Riseman or Protrek for running a marathon on a mountain?

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  1. #1
    Member craig0ry's Avatar
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    Question Riseman or Protrek for running a marathon on a mountain?

    Every couple of years I get my life together and run a marathon up and down Pike's Peak in Colorado. I'm somewhat serious when I run but I'm not competitive at all - I still take a picture or two during the marathon and often am talking to other runners. In the past I've always worn one of my dad's old Timex watches just to keep a pace. I was thinking this year it might be cool to run it with a watch that has an altimeter and thermostat onboard, so obviously the Riseman came to mind.

    However, I really don't know much about it's feature set. What I'd like a watch to do is log the altitude and temperature at different times automatically over a roughly 7 hour period. At the same time, I think it would be cool if I could manually enter a log at specific mile marker points. For example, when I hit mile 9 on the ascent, I could somehow hit a button and log the time, temp, and altitude at that location. I'm just wondering if all this (and maybe more) is possible with the Riseman since it shows up here for pretty cheap. Otherwise, if I had to get a Protrek or something, I probably wouldn't do it because I think the watch might be too big, too nice, and too expensive for my needs.

    The race isn't until August so I have plenty of time to save up. This isn't really a necessity for me, but I just thought it might be kind of a fun excuse to buy a watch.

  2. #2
    Member Queen6's Avatar
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    Re: Riseman or Protrek for running a marathon on a mountain?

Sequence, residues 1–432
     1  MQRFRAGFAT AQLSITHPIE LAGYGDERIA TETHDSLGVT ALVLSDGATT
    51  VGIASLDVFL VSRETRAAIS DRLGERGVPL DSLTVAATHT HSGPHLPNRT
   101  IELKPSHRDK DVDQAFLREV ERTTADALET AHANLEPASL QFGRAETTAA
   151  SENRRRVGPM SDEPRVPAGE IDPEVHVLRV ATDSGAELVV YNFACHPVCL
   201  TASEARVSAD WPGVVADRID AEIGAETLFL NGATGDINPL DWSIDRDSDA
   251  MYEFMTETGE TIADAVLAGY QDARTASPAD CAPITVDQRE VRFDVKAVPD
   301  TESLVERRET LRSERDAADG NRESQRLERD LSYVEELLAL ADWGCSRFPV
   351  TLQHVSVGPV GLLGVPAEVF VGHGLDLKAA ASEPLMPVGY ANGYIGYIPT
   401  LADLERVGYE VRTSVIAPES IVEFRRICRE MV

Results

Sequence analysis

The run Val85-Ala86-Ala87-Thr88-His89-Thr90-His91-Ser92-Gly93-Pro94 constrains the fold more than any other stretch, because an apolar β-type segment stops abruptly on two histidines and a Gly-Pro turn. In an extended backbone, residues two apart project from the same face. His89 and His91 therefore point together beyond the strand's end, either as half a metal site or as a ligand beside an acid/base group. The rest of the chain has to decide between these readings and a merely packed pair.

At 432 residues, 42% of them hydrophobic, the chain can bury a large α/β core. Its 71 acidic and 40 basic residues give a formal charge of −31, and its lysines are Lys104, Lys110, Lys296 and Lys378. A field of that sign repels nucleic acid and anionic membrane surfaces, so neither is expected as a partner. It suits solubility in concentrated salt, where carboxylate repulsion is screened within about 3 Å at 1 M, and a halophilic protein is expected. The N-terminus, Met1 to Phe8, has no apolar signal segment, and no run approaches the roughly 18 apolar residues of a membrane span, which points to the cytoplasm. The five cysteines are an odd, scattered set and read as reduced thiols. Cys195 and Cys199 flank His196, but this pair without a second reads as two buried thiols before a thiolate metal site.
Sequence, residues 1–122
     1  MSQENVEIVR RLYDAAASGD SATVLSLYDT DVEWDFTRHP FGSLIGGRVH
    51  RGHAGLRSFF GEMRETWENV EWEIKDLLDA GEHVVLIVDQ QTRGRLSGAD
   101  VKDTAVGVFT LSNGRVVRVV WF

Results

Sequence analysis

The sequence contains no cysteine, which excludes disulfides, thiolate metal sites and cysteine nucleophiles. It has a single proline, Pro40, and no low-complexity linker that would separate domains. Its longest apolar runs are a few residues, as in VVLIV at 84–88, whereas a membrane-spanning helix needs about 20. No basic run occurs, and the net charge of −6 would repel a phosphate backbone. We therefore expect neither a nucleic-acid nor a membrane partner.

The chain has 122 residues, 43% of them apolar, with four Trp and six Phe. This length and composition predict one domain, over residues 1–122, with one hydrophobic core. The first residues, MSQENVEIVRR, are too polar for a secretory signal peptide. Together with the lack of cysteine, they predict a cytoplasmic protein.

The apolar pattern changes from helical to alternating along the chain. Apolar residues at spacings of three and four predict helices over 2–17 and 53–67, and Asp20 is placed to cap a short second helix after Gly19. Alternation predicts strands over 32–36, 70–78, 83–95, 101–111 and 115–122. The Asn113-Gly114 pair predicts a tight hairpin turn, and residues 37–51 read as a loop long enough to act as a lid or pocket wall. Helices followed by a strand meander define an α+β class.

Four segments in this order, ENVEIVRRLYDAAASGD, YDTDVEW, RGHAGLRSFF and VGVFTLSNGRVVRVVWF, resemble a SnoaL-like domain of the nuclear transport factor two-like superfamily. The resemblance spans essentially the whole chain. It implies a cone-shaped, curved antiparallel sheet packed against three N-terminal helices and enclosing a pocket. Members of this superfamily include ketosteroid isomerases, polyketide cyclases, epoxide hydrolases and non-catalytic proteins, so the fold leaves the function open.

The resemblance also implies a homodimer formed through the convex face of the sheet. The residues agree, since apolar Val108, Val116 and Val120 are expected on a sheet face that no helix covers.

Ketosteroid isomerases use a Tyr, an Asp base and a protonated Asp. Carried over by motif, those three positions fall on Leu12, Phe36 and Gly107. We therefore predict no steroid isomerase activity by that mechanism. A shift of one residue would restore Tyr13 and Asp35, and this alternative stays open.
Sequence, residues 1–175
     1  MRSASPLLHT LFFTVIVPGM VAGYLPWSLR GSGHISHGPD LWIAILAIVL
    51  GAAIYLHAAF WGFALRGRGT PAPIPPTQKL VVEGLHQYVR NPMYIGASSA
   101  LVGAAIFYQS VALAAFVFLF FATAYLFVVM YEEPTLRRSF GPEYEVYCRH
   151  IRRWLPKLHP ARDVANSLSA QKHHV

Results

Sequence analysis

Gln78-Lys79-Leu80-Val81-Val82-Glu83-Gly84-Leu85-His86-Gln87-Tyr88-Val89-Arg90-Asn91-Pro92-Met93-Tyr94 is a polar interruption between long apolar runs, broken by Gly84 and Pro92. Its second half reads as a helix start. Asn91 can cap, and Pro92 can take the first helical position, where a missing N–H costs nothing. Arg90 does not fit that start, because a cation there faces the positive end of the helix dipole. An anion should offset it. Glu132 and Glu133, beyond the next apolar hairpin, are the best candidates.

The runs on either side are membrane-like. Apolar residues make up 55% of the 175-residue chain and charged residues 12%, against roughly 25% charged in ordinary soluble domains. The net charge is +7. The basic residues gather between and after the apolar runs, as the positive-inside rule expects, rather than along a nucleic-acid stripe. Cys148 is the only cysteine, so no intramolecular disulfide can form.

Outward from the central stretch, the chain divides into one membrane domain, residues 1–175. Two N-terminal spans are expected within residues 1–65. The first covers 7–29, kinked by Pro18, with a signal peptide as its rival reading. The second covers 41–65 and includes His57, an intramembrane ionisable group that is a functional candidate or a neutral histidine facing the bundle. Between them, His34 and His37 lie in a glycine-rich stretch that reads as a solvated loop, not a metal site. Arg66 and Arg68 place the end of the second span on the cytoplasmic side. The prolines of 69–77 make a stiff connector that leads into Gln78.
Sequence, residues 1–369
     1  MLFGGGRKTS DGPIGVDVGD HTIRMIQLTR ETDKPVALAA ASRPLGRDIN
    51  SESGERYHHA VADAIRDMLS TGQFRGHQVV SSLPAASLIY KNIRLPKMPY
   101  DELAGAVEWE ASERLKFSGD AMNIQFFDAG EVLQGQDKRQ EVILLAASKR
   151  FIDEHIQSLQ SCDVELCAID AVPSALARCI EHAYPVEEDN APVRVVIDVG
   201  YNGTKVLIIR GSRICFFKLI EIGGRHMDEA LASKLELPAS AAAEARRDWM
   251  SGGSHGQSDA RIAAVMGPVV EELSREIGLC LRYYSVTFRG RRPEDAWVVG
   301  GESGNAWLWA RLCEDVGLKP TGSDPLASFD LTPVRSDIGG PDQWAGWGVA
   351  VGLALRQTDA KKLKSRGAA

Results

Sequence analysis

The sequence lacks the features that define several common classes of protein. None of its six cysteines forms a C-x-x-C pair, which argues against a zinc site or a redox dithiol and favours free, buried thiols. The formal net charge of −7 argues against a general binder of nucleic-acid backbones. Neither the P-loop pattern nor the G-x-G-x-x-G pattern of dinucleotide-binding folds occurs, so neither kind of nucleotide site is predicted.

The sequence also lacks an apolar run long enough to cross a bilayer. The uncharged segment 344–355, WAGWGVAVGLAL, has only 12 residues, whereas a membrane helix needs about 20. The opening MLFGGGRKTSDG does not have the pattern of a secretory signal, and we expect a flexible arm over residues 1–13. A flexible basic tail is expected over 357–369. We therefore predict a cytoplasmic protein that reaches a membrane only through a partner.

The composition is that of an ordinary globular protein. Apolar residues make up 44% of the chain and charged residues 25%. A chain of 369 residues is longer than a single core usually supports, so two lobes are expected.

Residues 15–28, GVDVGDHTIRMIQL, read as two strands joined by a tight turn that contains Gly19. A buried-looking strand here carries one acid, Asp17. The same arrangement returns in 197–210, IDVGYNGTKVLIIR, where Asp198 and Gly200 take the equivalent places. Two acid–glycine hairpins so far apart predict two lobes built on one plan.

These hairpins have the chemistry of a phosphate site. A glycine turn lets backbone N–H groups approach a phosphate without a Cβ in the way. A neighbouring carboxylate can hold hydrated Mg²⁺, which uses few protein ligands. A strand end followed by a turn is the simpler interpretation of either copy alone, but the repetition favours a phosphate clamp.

I cant speak for the Riseman, Protek`s have many varying feature sets;

    PAG-40 is now an old design, lacking many of the newer models features, only having Chronograph, alarm and logging; min & max altitudes. runs on 4 lithium batteries.

    PAG-80 & PAW-1100 have limited Chrono (10hrs) & CDT (60min) if it had 24hr, 100hr or even 1000hr it would be a much better field watch. No compass correction for declination. Logging is reasonable min & max total ascent & descent, and it is a sizable piece, equipped with a large duplex display; very much a field tool solar powered, world time, PAW has "Atomic" clock reception. Well suited to; extreme conditions, military, trekking.

    PAW-1300 has one of the most capable modules having both 24hr Chrono & CDT combined with the same full featured logging as the PAG-80 & PAW-1100, you can even preselect the logging intervals and altimeter display formats, and the compass has declination correction, however in testing the watch is sensitive to sudden temperature change, which skews the barometer & altimeter, it`s ok if you constantly wear the 1300, if you strap it to your gear it`s not so good. Solar powered with "Atomic" clock reception, world time. Well suited to trekking, sports events, day to day wear, and for those that have a smaller wrist.

    PAW-1500 has a 24hr Chrono, yet the CDT remains at 60 min, and the logging feature is very poor only recording only two values max altitude & user recorded altitude. Typically you would expect min & max total ascent & descent,even rate of ascent & descent from an ABC watch. Compass has declination correction, moon & tidal data, world time, solar powered with "Atomic" clock reception. Well suited to mixed activities marine/land etc